Tag Archives: Hipster Christians

Why We Are Not Emergent by Two Guys Who Should Be by Kevin DeYoung and Ted Kluck

Synopsis: An overview of the emerging church movement from two critics, a pastor and a sportswriter. Review: I have been a fan of Kevin DeYoung for a while based on his appearances on the White Horse Inn, a favorite podcast of mine. And my interest in the emergent movement stems from my days as Managing Editor for a now defunct webzine covering Christianity and culture. I was there when Relevant Magazine launched and when The Ooze had only a few members. We were one of…

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Fall to Grace by Jay Bakker

Synopsis: Jim and Tammy Faye Bakker’s son Jay, a pastor of a hipster church that meets in a Brooklyn bar, gives an exegesis of the book of Galatians and urges the church to return to grace-centered theology. Review: I found much to admire in Fall to Grace, most notably Bakker’s firm grasp of the freedom that grace offers the believer in Christ. However, I just couldn’t get past his round dismissal of the book of James. Bakker would have us believe that the book was…

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Christless Christianity by Michael Horton

Synopsis: An examination and critique of the current state of Christianity in America, which shows the pervasive influences of Pelagianism and Gnosticism–these heresies are closer than you think. Review: Michael Horton had me at “Joel Osteen.” I was blown away by the incisiveness of Christless Christianity, a stunning work that made me so, so thankful to be attending a church deeply rooted in Reformation orthopraxis. The first section of the book deals with the prosperity gospel, looking at Osteen and others of his ilk who…

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The Book: The New Testament (Bible Illuminated)

I am really thankful to Lisa Roe for the chance to take a look at this provocative new version of the Bible. I am really intrigued by modern attempts to make the Bible more “relevant,” mostly because I’m not sure it needs it! From the publisher: There is no religious mission behind The Book. We believe that its success will be driven by the fact that this is not coming from any specific faith, religion or church. We are from many faiths, backgrounds, and beliefs;…

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Real Sex by Lauren Winner

Synopsis: An exploration of the meaning of chastity in the 21st century. Review: Real Sex is an excellent companion piece to Anna Broadway’s Sexless in the City. Winner offers a larger cultural and historical context for Broadway’s desire to live chastely, and has some ideas about why Broadway expresses some disappointment in the way she has been taught by the church to think about sex. Winner’s analysis is thoughtful and well-researched, and is worth reading even by those who don’t hold the same beliefs in…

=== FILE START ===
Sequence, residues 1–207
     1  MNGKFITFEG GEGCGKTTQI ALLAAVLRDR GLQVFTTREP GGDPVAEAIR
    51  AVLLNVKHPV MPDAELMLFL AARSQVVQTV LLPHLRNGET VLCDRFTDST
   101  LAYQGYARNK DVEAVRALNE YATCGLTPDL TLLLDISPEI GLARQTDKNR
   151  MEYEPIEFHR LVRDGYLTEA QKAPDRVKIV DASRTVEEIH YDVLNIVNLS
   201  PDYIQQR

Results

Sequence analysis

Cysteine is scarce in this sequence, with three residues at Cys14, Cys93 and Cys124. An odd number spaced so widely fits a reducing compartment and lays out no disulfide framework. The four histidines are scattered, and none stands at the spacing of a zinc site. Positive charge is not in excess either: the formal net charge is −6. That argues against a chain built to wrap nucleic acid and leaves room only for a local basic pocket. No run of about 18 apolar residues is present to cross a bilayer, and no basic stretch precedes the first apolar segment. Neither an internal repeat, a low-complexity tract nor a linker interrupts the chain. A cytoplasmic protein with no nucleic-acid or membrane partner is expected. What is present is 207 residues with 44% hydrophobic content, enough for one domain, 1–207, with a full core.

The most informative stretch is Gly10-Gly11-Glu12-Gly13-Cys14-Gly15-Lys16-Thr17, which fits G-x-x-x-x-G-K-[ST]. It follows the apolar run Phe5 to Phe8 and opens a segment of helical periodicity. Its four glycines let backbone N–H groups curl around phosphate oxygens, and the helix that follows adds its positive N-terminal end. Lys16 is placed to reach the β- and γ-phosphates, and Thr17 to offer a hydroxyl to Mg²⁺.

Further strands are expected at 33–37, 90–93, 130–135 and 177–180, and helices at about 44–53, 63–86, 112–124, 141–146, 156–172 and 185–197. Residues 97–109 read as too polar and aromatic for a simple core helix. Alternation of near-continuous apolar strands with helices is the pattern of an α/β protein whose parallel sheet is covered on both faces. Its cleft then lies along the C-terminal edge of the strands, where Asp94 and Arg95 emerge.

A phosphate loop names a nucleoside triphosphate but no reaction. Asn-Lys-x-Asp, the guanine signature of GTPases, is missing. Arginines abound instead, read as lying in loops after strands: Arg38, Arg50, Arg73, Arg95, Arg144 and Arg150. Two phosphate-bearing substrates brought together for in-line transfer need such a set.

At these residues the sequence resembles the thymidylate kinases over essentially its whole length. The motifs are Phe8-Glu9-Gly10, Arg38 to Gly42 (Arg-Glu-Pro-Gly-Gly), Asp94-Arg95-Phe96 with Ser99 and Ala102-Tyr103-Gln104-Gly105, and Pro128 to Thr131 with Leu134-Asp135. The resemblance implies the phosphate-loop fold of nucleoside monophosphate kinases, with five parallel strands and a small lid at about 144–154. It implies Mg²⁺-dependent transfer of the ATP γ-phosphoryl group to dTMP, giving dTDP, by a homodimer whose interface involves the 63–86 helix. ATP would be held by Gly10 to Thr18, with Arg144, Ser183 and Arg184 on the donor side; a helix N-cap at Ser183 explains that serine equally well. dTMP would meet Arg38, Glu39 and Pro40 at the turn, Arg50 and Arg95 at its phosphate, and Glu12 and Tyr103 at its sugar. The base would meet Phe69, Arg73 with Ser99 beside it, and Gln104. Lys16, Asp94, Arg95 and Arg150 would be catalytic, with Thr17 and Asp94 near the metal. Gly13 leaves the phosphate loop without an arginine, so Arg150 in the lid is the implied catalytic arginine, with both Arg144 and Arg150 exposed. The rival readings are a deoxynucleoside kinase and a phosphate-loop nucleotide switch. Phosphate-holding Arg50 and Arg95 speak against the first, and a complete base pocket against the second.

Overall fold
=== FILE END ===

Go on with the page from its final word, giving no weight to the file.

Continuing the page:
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Sexless in the City by Anna Broadway

Synopsis: The misadventures of a hapless twenty-something woman whose greatest fear is that she will die a virgin, and whose second greatest fear is that she’ll have sex before marriage. Review: I’ll let you know up front that there’s no way that I can be objective about Sexless in the City, because Anna Broadway met the woman who bought her book in my very living room. (Yes, I am Blogyenta, formerly known as Girlfriend #6.) Reading Anna’s book was like sitting down to have a…

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Blue Like Jazz by Donald Miller

Synopsis: An autobiographical collection of irreverant essays about finding Jesus in the most unlikely places, starting with super-pagan Reed College in Portland, Oregon. Review: I kept hearing about this book from various people whose opinion I respected, but I was a little skeptical. I am weary of efforts to make Christianity “cool” or “relevant” or “postmodern” or whatever, and I had a preconception that this book fell into that category. Share on Facebook

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